There’s one thing that successful plant-based startups like Nuggs, Beyond Meat and New Culture all have in common—and it’s not the fact that they’re displacing animals from the food supply chain. It’s that they’re all backed by corporate capital.
Over the past few years, Big Food companies have become heavily involved in plant-based innovation. But it’s not their own R&D teams who are doing the heavy lifting—instead, they’re turning to early-stage food businesses for ideas. And they’re doing so in a myriad of forms, from corporate accelerator and incubator programs to direct investment and private label partnerships with lean and scrappy startups.
Now from a founder’s perspective, this might raise a few red flags. Are these behemoth brands just in it for the money? Are they trying to eliminate their competition? Are we dancing with the devil? Possibly. But let me explain why I’m willing to tango.
The changing balance of power
If you’re reading this, you’re probably one of the many consumers who view multinational food companies with suspicion. I’m referring to the mass manufacturers of dairy, meat, confectionery and snack foods, who typically dominate the market with economies of scale. In their unrelenting quest for profitability and efficiency, these companies tend to create negative externalities; impacting people, animals and the environment in undesirable ways.
For decades their brands have thrived as household names. But in more recent times, that widespread recognition has turned from asset to liability, as consumers become more savvy to the Big Food business and what it represents. And with each generation, consumer sentiment seems to grow a little more sour.
Back in 2015, Mintel research found that 43% of US millennials believed large food manufacturers were not to be trusted. I can imagine that five years on, that statistic is even higher. Now we’re seeing Gen Z take control over the family fridge—and they’re known for distrusting major corporations and government institutions more than any generation before them. For Gen Z’s, any brand that doesn’t demonstrate ethical values is dead to them.
All that puts Big Food in quite the PR pickle.
Turning big brands into better ones
In recognition of waning public support and declining market shares, some corporate powerhouses have gone on the defensive; upping their PR spend; polishing their company mission statements to include hyperbole about sustainability and community support. But others have played offense; introducing bolder, more forward-thinking initiatives to reingratiate themselves with younger consumers.
I’d consider General Mills in the latter category. A few years back, they decided to ditch their in-house ‘ideas generation lab’ entirely. Instead, they sought partnerships with early-stage food companies as a way of outsourcing the creative. It took General Mills from food innovator to startup investor.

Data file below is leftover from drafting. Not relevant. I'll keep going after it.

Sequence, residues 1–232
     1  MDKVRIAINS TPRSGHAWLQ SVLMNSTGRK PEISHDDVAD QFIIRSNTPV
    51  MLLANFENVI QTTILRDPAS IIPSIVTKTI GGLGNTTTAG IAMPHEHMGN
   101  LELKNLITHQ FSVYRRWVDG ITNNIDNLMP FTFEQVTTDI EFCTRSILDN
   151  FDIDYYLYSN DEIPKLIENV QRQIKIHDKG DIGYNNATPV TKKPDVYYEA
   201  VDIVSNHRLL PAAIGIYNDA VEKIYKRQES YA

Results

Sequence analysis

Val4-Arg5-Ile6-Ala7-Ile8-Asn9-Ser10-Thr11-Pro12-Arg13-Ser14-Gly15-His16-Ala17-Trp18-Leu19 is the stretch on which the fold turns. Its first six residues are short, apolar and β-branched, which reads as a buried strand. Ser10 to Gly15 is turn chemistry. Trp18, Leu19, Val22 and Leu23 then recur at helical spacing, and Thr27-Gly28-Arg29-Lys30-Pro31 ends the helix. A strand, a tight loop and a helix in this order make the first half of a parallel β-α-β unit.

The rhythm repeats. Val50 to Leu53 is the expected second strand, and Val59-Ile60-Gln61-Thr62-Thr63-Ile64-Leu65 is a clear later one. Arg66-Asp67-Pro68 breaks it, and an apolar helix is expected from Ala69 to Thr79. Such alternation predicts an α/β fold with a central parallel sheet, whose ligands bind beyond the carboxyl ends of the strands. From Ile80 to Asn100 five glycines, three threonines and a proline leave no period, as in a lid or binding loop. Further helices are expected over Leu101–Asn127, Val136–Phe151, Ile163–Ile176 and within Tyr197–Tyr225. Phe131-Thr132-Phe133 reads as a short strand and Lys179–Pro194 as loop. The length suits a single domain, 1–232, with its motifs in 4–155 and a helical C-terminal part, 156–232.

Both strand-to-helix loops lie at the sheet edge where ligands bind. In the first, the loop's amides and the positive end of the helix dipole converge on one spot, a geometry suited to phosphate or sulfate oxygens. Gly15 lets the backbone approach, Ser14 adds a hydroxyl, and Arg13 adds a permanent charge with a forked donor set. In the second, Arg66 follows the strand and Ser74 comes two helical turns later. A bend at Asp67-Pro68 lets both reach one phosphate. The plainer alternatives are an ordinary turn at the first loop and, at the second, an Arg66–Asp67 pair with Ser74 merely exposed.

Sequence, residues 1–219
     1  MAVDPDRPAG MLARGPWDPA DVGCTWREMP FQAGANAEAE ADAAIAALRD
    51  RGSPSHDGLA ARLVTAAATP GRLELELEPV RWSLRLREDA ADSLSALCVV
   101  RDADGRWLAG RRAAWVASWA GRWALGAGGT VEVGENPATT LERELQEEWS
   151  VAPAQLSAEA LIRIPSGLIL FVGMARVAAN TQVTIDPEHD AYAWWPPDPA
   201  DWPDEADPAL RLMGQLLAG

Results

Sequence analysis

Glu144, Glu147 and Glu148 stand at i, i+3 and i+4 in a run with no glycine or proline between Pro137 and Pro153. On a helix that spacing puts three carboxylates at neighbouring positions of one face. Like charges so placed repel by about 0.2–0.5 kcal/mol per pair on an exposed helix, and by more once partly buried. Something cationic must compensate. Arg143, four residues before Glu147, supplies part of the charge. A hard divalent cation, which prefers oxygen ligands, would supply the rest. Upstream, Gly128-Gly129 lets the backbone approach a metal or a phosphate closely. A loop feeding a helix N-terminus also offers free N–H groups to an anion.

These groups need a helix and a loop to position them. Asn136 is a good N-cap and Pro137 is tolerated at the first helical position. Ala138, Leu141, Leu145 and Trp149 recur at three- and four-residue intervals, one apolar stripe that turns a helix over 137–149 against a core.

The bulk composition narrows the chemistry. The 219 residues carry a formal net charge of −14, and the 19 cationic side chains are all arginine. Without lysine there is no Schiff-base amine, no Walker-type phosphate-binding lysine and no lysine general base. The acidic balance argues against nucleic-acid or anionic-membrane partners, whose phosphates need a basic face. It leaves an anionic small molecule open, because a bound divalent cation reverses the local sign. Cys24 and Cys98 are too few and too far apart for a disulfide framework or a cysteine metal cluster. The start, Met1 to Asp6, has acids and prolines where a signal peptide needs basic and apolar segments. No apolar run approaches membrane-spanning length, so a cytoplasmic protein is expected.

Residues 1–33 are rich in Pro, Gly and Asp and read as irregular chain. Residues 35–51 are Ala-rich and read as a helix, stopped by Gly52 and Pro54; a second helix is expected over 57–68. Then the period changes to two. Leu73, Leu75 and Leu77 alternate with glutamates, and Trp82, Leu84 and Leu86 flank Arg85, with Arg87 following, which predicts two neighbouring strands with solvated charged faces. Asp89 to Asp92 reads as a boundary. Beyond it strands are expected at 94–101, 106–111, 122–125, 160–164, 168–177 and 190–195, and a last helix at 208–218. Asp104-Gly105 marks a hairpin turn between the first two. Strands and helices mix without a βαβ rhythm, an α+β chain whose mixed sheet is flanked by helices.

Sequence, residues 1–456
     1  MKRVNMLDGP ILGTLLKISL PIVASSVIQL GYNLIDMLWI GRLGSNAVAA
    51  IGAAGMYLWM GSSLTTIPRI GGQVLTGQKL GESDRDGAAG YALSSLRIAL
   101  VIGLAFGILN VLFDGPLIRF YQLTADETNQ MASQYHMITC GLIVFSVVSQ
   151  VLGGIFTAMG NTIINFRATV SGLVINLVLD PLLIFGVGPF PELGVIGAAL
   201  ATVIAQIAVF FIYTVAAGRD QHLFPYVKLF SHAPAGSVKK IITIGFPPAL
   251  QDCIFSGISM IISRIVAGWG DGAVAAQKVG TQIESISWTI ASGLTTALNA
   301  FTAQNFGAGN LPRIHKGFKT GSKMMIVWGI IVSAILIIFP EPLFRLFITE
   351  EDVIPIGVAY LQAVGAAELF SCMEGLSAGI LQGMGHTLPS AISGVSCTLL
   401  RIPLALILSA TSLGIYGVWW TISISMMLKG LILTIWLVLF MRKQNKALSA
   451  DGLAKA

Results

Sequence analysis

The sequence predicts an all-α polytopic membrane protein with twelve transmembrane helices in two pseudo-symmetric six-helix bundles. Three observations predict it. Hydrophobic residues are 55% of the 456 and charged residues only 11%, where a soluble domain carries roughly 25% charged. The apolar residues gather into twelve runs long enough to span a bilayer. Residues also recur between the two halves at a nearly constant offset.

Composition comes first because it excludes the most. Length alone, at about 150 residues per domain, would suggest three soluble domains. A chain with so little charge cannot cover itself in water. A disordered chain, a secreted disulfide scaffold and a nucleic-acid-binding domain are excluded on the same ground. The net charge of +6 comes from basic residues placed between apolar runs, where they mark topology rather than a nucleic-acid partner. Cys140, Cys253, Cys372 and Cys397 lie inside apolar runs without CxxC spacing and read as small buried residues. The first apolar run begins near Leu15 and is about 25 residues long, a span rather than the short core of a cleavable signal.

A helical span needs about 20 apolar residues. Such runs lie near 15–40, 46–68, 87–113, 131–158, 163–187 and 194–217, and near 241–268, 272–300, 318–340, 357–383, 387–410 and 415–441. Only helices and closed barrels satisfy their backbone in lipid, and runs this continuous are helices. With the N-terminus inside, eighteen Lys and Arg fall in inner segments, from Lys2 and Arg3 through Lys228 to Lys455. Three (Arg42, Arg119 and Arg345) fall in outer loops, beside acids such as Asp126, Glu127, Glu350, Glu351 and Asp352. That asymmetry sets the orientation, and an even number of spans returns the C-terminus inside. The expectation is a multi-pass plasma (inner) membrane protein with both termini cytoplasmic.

They’re not alone in this strategy either. Kellogg’s, Kraft Heinz, Unilever, CocaCola and Danone are amongst the numerous companies that have launched Corporate Venture Capital (CVC) branches. Through direct (or indirect) investment, they’re able to tap into the lean startup mindset; learning how these tiny challenger brands have scooped up market share with minimal resources. It also means they can absorb emerging competitors while their valuations are low, and before they become too great a threat.
So what’s in it for startups?
Understandably, some startups are dubious about Big Food’s motivations. IP protection is a common concern; major corporations already have the money, capabilities and distribution networks to take an idea and run with it, and very few small businesses have the money to defend a patent, even if they possess one. So if you’re pre-market or have a very unique product, I wouldn’t go sending samples to potential corporate partners just yet (sounds ridiculous, but at my own plant-based cheese startup we were contacted by the R&D team of a major dairy manufacturer, who requested samples to “play around with”). Take a step back and exercise common sense.
In reality though, it’s not that simple for a big company to steal your idea. They’re notoriously weighed down by red tape and processes, and the time taken from concept creation to getting a product on the shelf can be greater than a year. Some have also stripped back their own R&D departments (or no longer undertake new product development at all)—so it doesn’t necessarily make sense for them to try and replicate a recipe when securing a partnership would be more economical.
Apart from the obvious cash injection, taking on a corporate backer can open up enormous opportunities. They can provide economies of scale in areas such as manufacturing and logistics, plus a wealth of market expertise and advisory to foster business growth. And if you believe that ethical, plant-based food choices should be available to consumers at a large scale, corporate support shouldn’t be dismissed.
I’ve seen some small businesses criticised for ‘selling out’ when they accept corporate capital. Particularly amongst the vegan community, which is fundamentally opposed to Big Food. But let’s remember that we’re talking about startups, not 1990s alternative rock bands; if they’re going to genuinely make an impact on a large scale, they’re going to need cash and support to do it. Condemning them for thinking big is not helping the cause.
With the world at biological war, this is a chance to pool resources, foster partnerships and create solutions—not bicker about which big business has done the most damage. Their time is coming. And if CVC can support a more secure, sustainable plant-based future, I’m all for it.
Assuming, of course, that the corporates can manage to log into Slack and unmute their Zoom meetings.